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U.S. Securities and Exchange Commission

UNITED STATES OF AMERICA
Before the
SECURITIES AND EXCHANGE COMMISSION
September 16, 2003

ADMINISTRATIVE PROCEEDING
File No. 3-11261


In the Matter of

THEODORE CHARLES SIHPOL III,

Respondent.


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ORDER INSTITUTING PUBLIC ADMINISTRATIVE AND CEASE-AND-DESIST PROCEEDINGS PURSUANT TO SECTION 8A OF THE SECURITIES ACT OF 1933, SECTIONS 15(b) AND 21C OF THE SECURITIES EXCHANGE ACT OF 1934, SECTION 203(f) OF THE INVESTMENT ADVISERS ACT OF 1940, AND SECTIONS 9(b) AND 9(f) OF THE INVESTMENT COMPANY ACT OF 1940, AND NOTICE OF HEARING

I.

The Securities and Exchange Commission deems it appropriate and in the public interest to institute administrative and cease-and-desist proceedings pursuant to Section 8A of the Securities Act of 1933 ("Securities Act"), Sections 15(b) and 21C of the Securities Exchange Act of 1934 ("Exchange Act"), Section 203(f) of the Investment Advisers Act of 1940 ("Advisers Act"), and Sections 9(b) and 9(f) of the Investment Company Act of 1940 ("Investment Company Act") against Theodore Charles Sihpol III ("Sihpol" or "Respondent").

Accordingly, IT IS ORDERED that administrative and cease-and-desist proceedings pursuant to Section 8A of the Securities Act, Sections 15(b) and 21C of the Exchange Act, Section 203(f) of the Advisers Act, and Sections 9(b) and 9(f) of the Investment Company Act be, and hereby are, instituted.

II.

The Division of Enforcement alleges the following:

Overview

1. This is a proceeding against Sihpol, formerly a registered representative with Banc of America Securities LLC ("BAS"), for his key role in enabling certain hedge fund customers of BAS to engage in "late trading" in shares of mutual funds offered by Bank of America and others. Late trading refers to the practice of placing orders to buy or sell mutual fund shares after the close of trading as of 4:00 p.m. Eastern Time ("ET"), but receiving the price based on the prior net asset value ("NAV") already determined as of 4:00 p.m. Permitting late trading violates the federal securities laws concerning the price at which mutual fund shares must be bought or sold and defrauds innocent investors in those mutual funds by giving to the late trader an advantage not available to other investors. By virtue of his conduct, Respondent violated and/or aided and abetted and caused violations of the antifraud, mutual fund pricing and broker-dealer record-keeping provisions of the federal securities laws.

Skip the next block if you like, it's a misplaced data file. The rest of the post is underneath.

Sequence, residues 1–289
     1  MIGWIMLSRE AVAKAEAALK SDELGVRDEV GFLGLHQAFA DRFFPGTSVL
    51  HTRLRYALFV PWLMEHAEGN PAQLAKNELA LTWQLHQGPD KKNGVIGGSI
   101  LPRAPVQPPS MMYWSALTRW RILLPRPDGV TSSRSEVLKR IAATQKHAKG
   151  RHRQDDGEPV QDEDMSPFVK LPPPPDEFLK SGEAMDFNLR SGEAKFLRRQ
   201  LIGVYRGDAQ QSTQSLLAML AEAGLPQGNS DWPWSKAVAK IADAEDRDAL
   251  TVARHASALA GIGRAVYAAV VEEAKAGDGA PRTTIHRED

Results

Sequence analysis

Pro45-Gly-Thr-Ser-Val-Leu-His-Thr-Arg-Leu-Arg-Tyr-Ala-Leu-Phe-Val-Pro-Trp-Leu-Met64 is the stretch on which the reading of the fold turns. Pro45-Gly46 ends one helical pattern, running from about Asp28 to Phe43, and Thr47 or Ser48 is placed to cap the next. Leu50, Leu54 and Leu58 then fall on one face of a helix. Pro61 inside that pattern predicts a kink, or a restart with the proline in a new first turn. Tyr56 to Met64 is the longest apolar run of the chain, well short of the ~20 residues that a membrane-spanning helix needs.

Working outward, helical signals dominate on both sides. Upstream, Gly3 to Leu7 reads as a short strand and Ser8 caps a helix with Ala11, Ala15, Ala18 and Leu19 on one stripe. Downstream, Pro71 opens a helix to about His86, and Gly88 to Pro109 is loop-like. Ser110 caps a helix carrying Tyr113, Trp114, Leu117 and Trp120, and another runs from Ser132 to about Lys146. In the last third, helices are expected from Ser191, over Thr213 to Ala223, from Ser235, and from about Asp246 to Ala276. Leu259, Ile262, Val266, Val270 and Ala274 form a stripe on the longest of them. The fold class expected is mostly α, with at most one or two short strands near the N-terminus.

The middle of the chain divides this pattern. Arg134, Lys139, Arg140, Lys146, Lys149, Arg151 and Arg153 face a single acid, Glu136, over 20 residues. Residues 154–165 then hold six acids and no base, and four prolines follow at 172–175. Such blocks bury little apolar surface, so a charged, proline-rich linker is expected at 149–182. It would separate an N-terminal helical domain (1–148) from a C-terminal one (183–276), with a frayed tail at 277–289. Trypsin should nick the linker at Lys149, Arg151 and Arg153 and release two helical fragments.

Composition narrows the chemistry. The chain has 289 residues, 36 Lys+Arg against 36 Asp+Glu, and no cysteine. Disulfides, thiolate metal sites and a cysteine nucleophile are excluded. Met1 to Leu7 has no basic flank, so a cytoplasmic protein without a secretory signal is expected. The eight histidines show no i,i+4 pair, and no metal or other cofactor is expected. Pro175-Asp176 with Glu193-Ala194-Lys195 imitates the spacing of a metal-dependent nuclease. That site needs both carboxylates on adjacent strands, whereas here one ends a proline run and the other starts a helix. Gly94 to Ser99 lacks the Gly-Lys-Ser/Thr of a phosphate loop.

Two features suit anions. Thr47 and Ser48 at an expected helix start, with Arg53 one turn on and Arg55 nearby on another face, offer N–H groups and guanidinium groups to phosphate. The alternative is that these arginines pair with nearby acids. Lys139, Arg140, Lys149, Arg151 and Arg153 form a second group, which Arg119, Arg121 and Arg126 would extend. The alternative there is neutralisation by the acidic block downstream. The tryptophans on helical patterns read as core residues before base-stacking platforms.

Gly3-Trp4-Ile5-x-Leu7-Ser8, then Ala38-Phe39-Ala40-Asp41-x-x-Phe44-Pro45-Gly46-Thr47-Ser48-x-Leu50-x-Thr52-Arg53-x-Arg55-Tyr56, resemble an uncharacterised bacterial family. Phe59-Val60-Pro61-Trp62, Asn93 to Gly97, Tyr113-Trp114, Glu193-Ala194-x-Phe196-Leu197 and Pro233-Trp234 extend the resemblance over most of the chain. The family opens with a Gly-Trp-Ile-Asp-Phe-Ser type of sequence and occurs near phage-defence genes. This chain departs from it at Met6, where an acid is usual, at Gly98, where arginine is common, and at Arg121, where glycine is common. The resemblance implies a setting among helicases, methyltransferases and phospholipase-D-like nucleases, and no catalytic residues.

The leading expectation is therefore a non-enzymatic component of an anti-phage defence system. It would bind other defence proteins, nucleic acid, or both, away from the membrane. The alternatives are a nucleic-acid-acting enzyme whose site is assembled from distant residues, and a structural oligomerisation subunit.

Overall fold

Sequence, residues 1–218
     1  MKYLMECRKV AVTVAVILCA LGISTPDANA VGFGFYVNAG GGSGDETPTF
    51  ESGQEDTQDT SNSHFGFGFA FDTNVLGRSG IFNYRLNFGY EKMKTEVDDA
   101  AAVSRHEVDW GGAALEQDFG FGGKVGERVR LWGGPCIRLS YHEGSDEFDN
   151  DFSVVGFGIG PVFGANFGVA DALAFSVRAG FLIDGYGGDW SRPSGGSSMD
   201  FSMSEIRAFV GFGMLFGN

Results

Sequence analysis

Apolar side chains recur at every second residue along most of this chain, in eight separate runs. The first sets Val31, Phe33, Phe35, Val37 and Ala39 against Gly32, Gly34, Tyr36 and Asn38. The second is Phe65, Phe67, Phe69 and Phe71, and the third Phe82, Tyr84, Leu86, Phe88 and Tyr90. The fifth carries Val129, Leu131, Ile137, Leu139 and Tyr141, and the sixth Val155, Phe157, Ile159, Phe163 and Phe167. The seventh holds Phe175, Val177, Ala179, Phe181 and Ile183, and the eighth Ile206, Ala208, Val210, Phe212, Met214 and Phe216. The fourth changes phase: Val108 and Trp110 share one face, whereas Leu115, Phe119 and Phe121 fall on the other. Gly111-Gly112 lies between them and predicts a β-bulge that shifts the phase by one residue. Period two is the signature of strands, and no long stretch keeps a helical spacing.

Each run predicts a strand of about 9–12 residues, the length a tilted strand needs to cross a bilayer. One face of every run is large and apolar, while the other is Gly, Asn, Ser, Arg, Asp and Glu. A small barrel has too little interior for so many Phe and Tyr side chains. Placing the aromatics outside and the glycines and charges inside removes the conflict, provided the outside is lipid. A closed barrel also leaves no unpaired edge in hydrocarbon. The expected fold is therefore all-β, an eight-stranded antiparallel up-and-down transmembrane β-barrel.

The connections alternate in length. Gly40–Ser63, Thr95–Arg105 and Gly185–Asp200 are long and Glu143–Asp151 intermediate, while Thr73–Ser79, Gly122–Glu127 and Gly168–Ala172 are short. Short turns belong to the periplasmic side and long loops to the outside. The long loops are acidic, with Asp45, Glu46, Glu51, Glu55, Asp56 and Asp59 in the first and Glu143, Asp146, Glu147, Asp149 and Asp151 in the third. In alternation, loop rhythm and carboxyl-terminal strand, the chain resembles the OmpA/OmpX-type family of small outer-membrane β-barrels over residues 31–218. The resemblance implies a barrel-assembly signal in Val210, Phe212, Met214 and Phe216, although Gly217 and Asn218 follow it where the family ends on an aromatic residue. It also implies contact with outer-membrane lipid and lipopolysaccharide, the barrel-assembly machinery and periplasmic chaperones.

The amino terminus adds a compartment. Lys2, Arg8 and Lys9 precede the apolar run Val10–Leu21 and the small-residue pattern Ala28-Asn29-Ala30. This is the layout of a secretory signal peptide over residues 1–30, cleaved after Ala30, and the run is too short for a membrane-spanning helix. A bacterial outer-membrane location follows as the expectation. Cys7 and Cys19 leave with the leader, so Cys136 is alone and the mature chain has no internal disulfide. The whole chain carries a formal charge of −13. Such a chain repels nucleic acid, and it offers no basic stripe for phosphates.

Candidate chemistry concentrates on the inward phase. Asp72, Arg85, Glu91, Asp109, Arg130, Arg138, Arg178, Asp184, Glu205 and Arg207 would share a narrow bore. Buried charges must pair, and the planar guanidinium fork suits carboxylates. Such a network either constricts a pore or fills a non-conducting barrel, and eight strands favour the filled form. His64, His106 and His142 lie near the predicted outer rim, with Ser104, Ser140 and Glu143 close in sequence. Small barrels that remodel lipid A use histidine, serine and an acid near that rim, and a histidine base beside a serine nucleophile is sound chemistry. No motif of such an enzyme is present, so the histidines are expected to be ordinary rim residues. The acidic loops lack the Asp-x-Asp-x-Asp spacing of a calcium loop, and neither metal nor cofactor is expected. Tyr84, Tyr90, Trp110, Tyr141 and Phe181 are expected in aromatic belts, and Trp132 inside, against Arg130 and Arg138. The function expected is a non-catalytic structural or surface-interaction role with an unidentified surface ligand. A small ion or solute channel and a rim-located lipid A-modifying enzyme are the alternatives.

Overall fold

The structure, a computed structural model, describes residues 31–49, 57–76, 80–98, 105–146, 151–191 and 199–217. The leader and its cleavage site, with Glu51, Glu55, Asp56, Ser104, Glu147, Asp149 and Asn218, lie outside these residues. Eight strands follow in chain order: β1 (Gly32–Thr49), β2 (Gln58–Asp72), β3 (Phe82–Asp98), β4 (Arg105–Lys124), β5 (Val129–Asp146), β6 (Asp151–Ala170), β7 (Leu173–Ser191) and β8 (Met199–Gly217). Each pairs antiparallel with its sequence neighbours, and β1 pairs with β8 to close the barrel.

Respondent

2. Sihpol, age 36, resides in New Canaan, Connecticut. Sihpol holds Series 7, 63, and 66 licenses. During the conduct at issue, Sihpol was a registered representative in BAS' high-net worth group located in New York.

Related Entities

3. BAS, a registered broker-dealer, is a full-service U.S. investment bank and brokerage firm with principal offices in San Francisco, New York, and Charlotte, North Carolina. BAS is also registered as an investment adviser pursuant to the Advisers Act. BAS is a subsidiary of Bank of America Corporation ("BAC"), a bank and financial holding company incorporated in Delaware and with its principal place of business in Charlotte. Other BAC subsidiaries, Banc of America Advisors, LLC and Banc of America Capital Management, LLC, both located in Charlotte, managed and advised a family of funds called the Nations Funds. Nations Fund, Inc., incorporated in Maryland, is the registrant and issuer of the shares of the Nations Funds.

4. Canary Capital Partners, LLC, is a domestic hedge fund, and Canary Capital Partners, Ltd., is an offshore hedge fund domiciled in Bermuda, managed by an investment adviser Canary Investment Management, LLC, and its principal, Edward J. Stern (collectively, "Canary"). Canary has offices in Secaucus, New Jersey.

Background - Late Trading

5. Rule 22c-1(a) under the Investment Company Act requires registered mutual funds, and their principal underwriters and dealers, to sell and redeem fund shares at a price based on the current NAV next computed after receipt of an order to buy or redeem. Mutual funds generally determine the daily price of mutual fund shares as of 4:00 p.m. ET. In these circumstances, orders received before 4:00 p.m. must be executed at the price determined as of 4:00 p.m. that day. Orders received after 4:00 p.m. must be executed at the price determined as of 4:00 p.m. the next trading day.